Customers order food in the Hubei cuisine restaurant run by Zhang Jiening, who is from Wuhan, in downtown Shanghai. (Photo: Global Times)
"The temper of Wuhan people is related to the local weather. It is burning hot in summer and freezing in winter. Those who can grow up in such a fiery environment are born with an optimistic attitude. I am such a person," Zhang Jiening, who is from Wuhan in Central China's Hubei Province, told the Global Times.
Zhang has been running a Hubei cuisine restaurant in Shanghai for a decade. The closure caused by the COVID-19 pandemic caused him losses of about 400,000 yuan ($55,941.71) in February and March, as his restaurant didn't resume business until April 1. "The loss is still ongoing. It won't get better unless the pandemic is well controlled overseas," Zhang said.
His barbecue restaurant in Wuhan went through an even worse situation. After a 76-day lockdown, Wuhan re-opened on April 8. The business, however, has only returned to 40 percent of the previous sales, and then experienced a plunge again when the city experienced a rebound of COVID-19 with six new confirmed cases reported at a residential complex from May 10 to 11.
Zhang had to suspend his plan to expand his business by opening three more restaurants in Wuhan.
Cut costs to survive
For catering businesses, it is hard to find new ways to recover amid the coronavirus when people are worrying about potential infection risks caused by close contact.
Cheng Yelian, who is from Xianning in Hubei Province, owns three crayfish restaurants in Shanghai and has had to rent out one of her restaurants this year due to the lasting impact of COVID-19. Her business in April only recovered to 60 percent of the level of last year, and to 70 percent in May.
"I can see people now are more cautious in spending," she said.
The cost of spices that Cheng uses to cook crayfish has increased about 10 percent due to the pandemic, which has led to a drop in profits. To cut costs, Cheng only hired about half the number of staff as in previous years.
The peak season for crayfish restaurants lasts from April to June, during which Cheng usually has to earn the main profits for the year. "But by June this year, I am afraid we can't realize that target. We have to work harder in the second half of the year," she sighed.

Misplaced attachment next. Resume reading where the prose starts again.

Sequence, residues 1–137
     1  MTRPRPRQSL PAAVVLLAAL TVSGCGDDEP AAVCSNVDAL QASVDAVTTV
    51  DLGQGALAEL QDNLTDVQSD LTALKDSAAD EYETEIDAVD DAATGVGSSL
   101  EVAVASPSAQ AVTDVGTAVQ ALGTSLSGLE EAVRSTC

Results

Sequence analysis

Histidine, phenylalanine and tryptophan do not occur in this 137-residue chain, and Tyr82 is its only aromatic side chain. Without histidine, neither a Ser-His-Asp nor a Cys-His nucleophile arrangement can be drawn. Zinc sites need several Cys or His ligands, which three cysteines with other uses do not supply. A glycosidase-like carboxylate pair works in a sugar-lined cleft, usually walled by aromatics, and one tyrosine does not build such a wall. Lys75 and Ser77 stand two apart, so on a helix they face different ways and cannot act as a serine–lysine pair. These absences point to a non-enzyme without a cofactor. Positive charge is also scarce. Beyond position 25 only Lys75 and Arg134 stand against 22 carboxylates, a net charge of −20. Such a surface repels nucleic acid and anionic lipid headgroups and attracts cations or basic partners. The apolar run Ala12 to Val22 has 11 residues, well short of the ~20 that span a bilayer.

However, the two restauranteurs still have an optimistic attitude toward their business and the economy of the country.
Zhang has spotted an opportunity to promote Hubei cuisine in Shanghai amid the coronavirus, despite the negative impact. "Previously, the image of Wuhan and Hubei was obscure in Shanghai, but now many of my Shanghai friends have told me they want to go to travel in Hubei and Wuhan, which was rare before," Zhang said.
He plans to do more promotions for Hubei cuisine and let people know more about Hubei, which is known as a "province with thousands of lakes" due to its rich water resources.
"I think our country is prospering with each passing day. There will be no problem if we can follow the general trend," Zhang said.
Cheng has also found opportunities in food delivery. The orders from her restaurants increased by 20 percent year-on-year amid the coronavirus, when more people chose to order food during the stay-at-home days.
"I also plan to introduce more new dishes and promote our barbecue more in winter," she added.
Support from patrons
There have also been positive signals from the restaurant patrons. To Zhang's surprise, rather than discrimination or bias against Hubei People, his patrons in Shanghai have shown support and sympathy.
"My old patrons have been encouraging me to persist. Some came to top up their cards at my restaurants even if they still have balance left, and some new customers have been encouraging their friends to come," he said gratefully. "I can feel this city's support for Hubei."
Before Cheng was able to reopen the restaurants on March 21, she was anxious about her business because of the overwhelming bad news about the pandemic. But when some of her old patrons called to ask when she would resume her business, she started to believe that the pandemic had not taken away people's demand for her food.
Her confidence soon returned when she reopened. "We had customers walk in as soon as we opened, even without doing any advertising," she said, adding that she won't give up her business.
She feels encouraged to see that her Hubei friends, who work in different sectors such as landscaping, real estate, foreign trade and finance, have an optimistic attitude toward business and life in the future.
"Everybody is waiting. The good days will finally come back and people's confidence in consumption will recover," she said.